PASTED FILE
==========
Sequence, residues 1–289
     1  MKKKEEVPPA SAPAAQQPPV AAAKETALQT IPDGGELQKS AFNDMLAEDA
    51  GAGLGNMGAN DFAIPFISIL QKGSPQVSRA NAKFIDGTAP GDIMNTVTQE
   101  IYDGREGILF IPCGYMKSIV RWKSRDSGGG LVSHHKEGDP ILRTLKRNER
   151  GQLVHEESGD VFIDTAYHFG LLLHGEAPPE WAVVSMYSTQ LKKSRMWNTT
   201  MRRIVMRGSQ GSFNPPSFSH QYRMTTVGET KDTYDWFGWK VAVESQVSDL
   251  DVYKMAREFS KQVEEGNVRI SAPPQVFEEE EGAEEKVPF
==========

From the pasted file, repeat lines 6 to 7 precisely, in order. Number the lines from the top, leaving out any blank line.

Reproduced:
   201  MRRIVMRGSQ GSFNPPSFSH QYRMTTVGET KDTYDWFGWK VAVESQVSDL
   251  DVYKMAREFS KQVEEGNVRI SAPPQVFEEE EGAEEKVPF